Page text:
It feels good to know something. To really know. In an age of fake news and echo chambers, there is something pleasant and reassuring about being epistemologically confident. And today I knew, beyond a scintilla of doubt, that Roger Federer is the greatest male tennis player of all time. No caveat, no conditions, no qualifications and no doubt.
Before reading about why Sunday's victory at Rod Laver Arena so firmly cemented Federer's legacy, I commend some reading on Federer (in order of priority):
- David Foster Wallace's piece from 2006
- Brian Phillips' piece from 2015
- Louisa Thomas and Michael Terry's piece from 2015
- Ed Smith's piece from 2013
The Final Evidence
Roger Federer, aged 35 (+ father of four kids) and returning from a six-month absence, finally won a record-extending eighteenth Grand Slam. He is now four clear of his closest peers: Nadal and Sampras. But even saying that does not capture the entirety of the feat. So I offer just some information:
- Federer had not defeated Nadal in a Grand Slam since Wimbledon 2007
- Federer had never defeated Nadal at the Australian Open (3-0)
- Federer had to win three 5-set matches in a row (again 35 and a half years old)
- Federer now holds at least 5 trophies from 3 of the 4 Grandslams
- Federer is the oldest champion in 45 years (since Ken Rosewall)
- En route to victory, Federer defeated four top-10 seeds
But all this doesn't really compare to the utter bravery of the tennis:
a break down
in the fifth set
in the most historically significant match ever
against his greatest (and H2H dominating) rival
and he played
It is hard to convey the belief, confidence, skill and willingness it took Federer to play the type of tennis he did in the fifth set. He went toe-to-toe on the baseline against Nadal. This has historically resulted in pretty severe loss. And not only did he go toe-to-toe, Federer won those rallies, see: this 26 point rally. Just watch it a few times.
Brave and unburdened
After the match, Federer was asked about his game plan and he said "...the brave will be rewarded". Sounding more like Hemingway than a professional tennis athlete, Federer also clearly articulated his strategy going into and during the match:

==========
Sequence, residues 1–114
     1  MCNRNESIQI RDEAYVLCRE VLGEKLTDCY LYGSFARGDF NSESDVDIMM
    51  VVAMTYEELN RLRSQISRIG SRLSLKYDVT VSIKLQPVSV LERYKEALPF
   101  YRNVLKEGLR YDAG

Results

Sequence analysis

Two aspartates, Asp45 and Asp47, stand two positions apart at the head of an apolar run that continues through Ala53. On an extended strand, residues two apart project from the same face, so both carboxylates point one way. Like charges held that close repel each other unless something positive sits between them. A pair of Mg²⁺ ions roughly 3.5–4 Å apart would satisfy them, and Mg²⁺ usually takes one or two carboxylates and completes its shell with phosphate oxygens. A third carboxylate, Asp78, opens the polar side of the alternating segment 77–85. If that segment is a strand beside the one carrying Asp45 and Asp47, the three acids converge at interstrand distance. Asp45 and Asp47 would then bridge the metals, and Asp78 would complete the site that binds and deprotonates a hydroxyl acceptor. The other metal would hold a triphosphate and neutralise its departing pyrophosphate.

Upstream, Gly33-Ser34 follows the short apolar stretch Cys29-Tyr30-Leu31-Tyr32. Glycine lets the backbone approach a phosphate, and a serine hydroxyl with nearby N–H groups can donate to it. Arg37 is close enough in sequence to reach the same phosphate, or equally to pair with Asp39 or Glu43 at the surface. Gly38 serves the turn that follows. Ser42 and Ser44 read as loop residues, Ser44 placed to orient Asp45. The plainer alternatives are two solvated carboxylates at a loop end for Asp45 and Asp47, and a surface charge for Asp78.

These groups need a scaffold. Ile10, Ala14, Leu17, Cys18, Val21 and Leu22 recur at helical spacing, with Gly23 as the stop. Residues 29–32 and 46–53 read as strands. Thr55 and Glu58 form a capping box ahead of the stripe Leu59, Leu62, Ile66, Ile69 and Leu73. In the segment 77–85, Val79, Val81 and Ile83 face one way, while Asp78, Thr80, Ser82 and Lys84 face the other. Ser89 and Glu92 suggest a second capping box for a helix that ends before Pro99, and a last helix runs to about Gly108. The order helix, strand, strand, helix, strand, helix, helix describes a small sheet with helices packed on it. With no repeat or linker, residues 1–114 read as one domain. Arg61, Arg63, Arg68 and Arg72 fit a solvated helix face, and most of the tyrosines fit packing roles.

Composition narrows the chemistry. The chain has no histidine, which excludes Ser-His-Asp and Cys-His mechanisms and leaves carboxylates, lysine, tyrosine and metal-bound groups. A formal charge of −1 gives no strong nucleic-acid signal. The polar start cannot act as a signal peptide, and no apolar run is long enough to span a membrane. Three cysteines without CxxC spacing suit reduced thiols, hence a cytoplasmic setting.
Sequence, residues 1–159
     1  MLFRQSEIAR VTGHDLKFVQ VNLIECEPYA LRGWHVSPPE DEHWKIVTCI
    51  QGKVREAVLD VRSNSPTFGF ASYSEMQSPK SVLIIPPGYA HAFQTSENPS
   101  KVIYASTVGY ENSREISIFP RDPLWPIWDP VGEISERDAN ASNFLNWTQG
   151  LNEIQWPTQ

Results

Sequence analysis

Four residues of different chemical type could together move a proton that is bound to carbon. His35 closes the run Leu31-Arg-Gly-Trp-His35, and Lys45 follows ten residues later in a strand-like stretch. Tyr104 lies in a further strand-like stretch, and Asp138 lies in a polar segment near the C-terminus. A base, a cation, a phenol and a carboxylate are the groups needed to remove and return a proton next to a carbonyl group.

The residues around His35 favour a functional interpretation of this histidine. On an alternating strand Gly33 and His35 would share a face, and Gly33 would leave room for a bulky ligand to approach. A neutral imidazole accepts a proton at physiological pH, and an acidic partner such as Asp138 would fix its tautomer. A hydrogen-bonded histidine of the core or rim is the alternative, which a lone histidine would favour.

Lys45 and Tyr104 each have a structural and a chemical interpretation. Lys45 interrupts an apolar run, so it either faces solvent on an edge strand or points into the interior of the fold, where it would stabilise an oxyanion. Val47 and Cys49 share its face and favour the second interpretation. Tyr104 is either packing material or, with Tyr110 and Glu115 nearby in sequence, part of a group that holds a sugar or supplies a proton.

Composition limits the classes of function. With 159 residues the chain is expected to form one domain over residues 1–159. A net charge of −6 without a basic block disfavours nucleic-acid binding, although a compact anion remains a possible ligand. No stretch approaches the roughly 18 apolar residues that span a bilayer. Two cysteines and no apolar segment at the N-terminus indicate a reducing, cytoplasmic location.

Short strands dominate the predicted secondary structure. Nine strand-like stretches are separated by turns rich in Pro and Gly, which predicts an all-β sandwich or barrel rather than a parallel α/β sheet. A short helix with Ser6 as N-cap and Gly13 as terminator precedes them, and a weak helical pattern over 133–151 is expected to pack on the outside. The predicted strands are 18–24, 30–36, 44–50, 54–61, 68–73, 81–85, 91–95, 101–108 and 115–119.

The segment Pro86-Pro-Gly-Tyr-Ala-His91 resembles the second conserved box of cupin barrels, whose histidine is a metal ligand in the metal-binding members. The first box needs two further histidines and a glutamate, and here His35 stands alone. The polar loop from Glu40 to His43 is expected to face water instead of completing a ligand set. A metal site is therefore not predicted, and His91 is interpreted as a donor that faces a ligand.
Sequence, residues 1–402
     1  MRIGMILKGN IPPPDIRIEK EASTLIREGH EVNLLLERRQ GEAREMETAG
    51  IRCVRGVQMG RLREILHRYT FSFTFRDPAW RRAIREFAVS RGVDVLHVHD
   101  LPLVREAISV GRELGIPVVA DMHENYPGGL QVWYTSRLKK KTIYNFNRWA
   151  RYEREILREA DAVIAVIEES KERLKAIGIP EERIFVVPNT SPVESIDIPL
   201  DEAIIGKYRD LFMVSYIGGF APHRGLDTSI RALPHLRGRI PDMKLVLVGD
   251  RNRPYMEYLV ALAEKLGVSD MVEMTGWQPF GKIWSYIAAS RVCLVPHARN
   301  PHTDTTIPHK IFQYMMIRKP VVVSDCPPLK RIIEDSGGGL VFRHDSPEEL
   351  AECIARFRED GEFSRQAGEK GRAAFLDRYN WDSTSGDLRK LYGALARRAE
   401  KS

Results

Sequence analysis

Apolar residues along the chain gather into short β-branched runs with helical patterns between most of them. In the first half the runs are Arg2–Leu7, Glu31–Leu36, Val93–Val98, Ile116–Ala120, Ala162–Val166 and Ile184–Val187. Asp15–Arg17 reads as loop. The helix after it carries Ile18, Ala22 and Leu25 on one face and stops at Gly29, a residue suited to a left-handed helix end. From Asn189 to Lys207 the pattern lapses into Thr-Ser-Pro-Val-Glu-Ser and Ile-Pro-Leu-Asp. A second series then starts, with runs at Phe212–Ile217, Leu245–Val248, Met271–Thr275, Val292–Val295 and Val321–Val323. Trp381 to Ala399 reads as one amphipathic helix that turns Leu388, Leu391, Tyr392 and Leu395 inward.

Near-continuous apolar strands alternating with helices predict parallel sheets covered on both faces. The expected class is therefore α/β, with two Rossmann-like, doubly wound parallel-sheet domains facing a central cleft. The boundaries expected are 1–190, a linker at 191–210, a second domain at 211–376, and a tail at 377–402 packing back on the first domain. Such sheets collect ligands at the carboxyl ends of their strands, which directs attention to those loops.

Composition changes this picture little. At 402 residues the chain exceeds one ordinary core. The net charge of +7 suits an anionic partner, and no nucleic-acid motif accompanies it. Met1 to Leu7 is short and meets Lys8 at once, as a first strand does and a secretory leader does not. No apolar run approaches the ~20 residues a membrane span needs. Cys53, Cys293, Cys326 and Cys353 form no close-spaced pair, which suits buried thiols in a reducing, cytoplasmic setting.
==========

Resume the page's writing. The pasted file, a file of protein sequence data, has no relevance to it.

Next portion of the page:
“I told myself to play free,” he said. “You play the ball, you don’t play the opponent. Be free in your head, be free in your shots, go for it.”
Did removing the burden of expectations allow Federer to win? I'm not so sure it is just as simple as that. There are a number of contributing factors: the faster courts, Nadal's (non-obvious) fatigue and Federer's freakish genius (obviously) all combine into the tapestry of this victory. But I do think, and Mr Federer thinks, that the mental freedom to play his tennis was likely the most decisive factor. A few days ago Federer intimated that the heavy losses to Nadal on clay early on in their rivalry had affected him and the manner he played Nadal on other surfaces. He went so far as to say that it directly affected how he played the first two sets of his famous 2008 defeat to Nadal at the All England Club.
I've always felt that Federer is like glass. Flawless but breakable. And the man who usually broke him (pun intended) was Nadal. But this time Federer was committed to his tennis. More than any other player on the men's side, victory is off his racquet. He plays well, he wins. It's a simple equation. Nadal always caused him to miss, to doubt, to question. Not today. Today, Federer was the braver player and it paid off.
Where to now?
It seems safe to say Federer won't be meeting Nadal in the final of the Australia Open again...but even that causes me to pause. This whole thing should've been impossible but it happened. I still can't really believe it happened.
We all doubted and Federer showed the world that anything is possible (if you're Roger Federer).